As Minister charged with the economic well-being of our society, the assertions of an organisation like the OECD must surely carry some weight. If, as a member of the OECD, we are looking to develop an innovation-based economy, capable of attracting the leading creative organisations, not just in the arts per se, but across all areas of human endeavour, we would do well to follow OECD advice: OECD (2010), The OECD Innovation Strategy. Getting a Head Start on Tomorrow and OECD (2012), Better Skills, Better Jobs, Better Lives: A Strategic Approach to Skills Policies, both of which point to the arts having a role in developing a necessary creative faculty within innovation-based societies.

As you are no doubt aware, despite this single largest representation of responses from any one sector to the recent Draft Budget, the arts budget is facing a cut in excess of 10%.  The reality that the budget to arts practice and participation will be cut more significantly than the overall DCAL departmental budget is not lost on either core clients of the Arts Council, whose budgets have already been cut by 5% in year. Nor indeed, will this government allocation be lost on the tens of thousands who represented their position though response and petition, that there should be no further cuts to the arts.

Whilst there may be some that are bewildered  that having received such a mandate, that some accommodation couldn’t be afforded, others like myself are seeking guidance as to how to support government decision-making  regarding the veracity of arts and the invaluable support that community arts in particular and arts practice in general gives to our local population. Once again, I call on the OECD documentation. Where they struggled to find a profundity of evidence of a causal link, the For Art’s Sake authors offered this point to policymakers:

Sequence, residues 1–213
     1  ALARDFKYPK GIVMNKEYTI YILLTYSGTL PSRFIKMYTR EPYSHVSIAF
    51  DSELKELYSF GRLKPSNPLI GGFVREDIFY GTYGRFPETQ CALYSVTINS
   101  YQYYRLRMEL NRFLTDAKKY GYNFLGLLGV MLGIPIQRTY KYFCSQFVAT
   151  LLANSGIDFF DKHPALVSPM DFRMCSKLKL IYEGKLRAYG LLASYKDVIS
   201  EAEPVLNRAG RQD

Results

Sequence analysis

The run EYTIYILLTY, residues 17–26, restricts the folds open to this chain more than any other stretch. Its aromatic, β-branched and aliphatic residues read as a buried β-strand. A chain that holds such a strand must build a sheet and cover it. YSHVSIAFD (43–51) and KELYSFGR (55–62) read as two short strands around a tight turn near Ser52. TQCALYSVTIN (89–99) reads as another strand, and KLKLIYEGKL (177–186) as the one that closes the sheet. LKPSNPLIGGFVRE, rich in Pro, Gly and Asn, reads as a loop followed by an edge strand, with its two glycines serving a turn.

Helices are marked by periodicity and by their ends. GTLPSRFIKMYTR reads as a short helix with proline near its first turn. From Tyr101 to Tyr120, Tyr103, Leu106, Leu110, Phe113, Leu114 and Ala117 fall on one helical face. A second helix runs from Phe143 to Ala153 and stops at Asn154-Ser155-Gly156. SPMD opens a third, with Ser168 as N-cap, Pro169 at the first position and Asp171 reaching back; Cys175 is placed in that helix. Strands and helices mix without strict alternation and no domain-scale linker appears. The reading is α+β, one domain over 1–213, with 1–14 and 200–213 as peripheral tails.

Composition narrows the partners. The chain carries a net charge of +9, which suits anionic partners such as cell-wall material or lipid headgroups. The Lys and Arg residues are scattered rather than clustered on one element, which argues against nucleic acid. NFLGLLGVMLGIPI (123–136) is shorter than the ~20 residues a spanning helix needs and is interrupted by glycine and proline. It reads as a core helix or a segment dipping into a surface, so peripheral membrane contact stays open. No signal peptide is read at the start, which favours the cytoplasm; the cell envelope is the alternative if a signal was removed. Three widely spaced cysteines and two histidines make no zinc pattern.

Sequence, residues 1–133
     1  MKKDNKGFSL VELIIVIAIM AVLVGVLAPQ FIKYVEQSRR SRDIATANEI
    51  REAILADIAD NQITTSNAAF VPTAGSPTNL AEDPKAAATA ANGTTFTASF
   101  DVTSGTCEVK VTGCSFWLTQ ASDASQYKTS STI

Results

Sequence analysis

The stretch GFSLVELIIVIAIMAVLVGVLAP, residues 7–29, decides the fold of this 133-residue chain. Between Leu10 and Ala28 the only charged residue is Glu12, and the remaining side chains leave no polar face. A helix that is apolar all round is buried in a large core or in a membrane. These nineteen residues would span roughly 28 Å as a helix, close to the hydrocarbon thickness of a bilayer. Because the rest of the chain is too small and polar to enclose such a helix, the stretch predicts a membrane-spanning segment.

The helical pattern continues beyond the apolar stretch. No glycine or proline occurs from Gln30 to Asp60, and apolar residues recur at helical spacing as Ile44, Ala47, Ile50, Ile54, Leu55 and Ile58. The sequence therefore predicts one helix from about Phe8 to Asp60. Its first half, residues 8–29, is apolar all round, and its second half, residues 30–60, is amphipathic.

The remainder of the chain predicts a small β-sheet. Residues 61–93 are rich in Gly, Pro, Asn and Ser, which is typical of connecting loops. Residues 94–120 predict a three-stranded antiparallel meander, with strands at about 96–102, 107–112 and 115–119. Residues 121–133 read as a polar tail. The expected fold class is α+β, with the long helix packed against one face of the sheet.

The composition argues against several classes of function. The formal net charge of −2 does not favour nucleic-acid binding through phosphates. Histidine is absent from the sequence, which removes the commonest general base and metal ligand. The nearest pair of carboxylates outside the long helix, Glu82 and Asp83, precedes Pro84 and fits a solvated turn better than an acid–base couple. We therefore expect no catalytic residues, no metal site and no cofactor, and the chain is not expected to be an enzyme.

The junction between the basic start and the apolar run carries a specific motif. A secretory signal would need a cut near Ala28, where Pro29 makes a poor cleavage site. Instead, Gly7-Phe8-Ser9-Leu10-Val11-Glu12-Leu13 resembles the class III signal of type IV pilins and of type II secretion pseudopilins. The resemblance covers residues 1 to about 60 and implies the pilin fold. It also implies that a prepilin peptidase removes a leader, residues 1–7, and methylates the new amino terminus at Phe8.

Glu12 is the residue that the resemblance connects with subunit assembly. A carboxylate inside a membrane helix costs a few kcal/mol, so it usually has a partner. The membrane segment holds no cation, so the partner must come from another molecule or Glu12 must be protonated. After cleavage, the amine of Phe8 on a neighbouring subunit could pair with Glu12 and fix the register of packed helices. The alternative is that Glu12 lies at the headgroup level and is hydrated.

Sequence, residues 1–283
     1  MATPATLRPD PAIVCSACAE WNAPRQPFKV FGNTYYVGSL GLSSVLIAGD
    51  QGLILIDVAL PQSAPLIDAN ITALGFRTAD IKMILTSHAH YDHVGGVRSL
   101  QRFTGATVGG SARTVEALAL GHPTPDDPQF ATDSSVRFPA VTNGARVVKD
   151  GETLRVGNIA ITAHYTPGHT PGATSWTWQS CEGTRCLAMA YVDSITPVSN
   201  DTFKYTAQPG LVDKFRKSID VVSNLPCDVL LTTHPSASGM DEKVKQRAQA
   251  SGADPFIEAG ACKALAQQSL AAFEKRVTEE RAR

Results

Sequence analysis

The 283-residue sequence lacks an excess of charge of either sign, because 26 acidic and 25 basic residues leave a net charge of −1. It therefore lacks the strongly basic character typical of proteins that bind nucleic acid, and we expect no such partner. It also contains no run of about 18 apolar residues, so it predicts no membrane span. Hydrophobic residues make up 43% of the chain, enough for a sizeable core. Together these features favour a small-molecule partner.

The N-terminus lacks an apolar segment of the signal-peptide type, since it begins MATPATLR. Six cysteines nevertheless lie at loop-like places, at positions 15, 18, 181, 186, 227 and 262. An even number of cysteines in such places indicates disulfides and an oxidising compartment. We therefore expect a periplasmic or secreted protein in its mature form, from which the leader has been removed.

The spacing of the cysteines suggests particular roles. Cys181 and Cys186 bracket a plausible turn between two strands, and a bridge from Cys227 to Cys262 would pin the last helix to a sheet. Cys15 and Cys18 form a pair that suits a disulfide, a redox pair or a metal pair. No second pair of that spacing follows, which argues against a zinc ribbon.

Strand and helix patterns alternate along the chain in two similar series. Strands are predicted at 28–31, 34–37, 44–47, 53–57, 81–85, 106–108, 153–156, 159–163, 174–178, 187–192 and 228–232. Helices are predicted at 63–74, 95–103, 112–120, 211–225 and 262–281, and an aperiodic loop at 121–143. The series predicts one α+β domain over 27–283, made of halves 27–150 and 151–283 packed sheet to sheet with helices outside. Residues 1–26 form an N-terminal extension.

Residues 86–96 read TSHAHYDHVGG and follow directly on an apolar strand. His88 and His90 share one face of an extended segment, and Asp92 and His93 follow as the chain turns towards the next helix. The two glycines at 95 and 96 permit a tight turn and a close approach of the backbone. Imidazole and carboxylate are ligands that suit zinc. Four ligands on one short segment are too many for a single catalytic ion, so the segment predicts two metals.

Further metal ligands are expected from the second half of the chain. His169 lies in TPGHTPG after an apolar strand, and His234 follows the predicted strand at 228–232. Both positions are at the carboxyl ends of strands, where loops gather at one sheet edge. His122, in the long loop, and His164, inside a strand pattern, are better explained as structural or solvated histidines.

Ultimately, however, the arts are an essential part of human heritage and of what makes us human…ART FOR ART’S SAKE? OVERVIEW 15 © OECD 2013

Given the extraordinary level of response from ordinary people, practitioners and organisations, I feel mandated to ask that the budget for the arts be re-instated, as per the wishes of 23,000 responses, (as acknowledged by DCAL Minister Ní Chuilín) and indeed that the arts, and their educative and social benefits, be acknowledged as a key element to the development of the N Irish economy and society and that the terms "Arts" be retained in any new departmental title.

Yours sincerely

Conor Shields

Tuesday, 20 January 2015

Budget: the misery and the mystery

So, now we know - the budget at least. The unknowing of what actually propelled the budget to be arrived at this way may have to remain a mystery, like why more people watched Mrs Brown at Xmas than anything else and why Norn Iron is better at golf than anyone else!!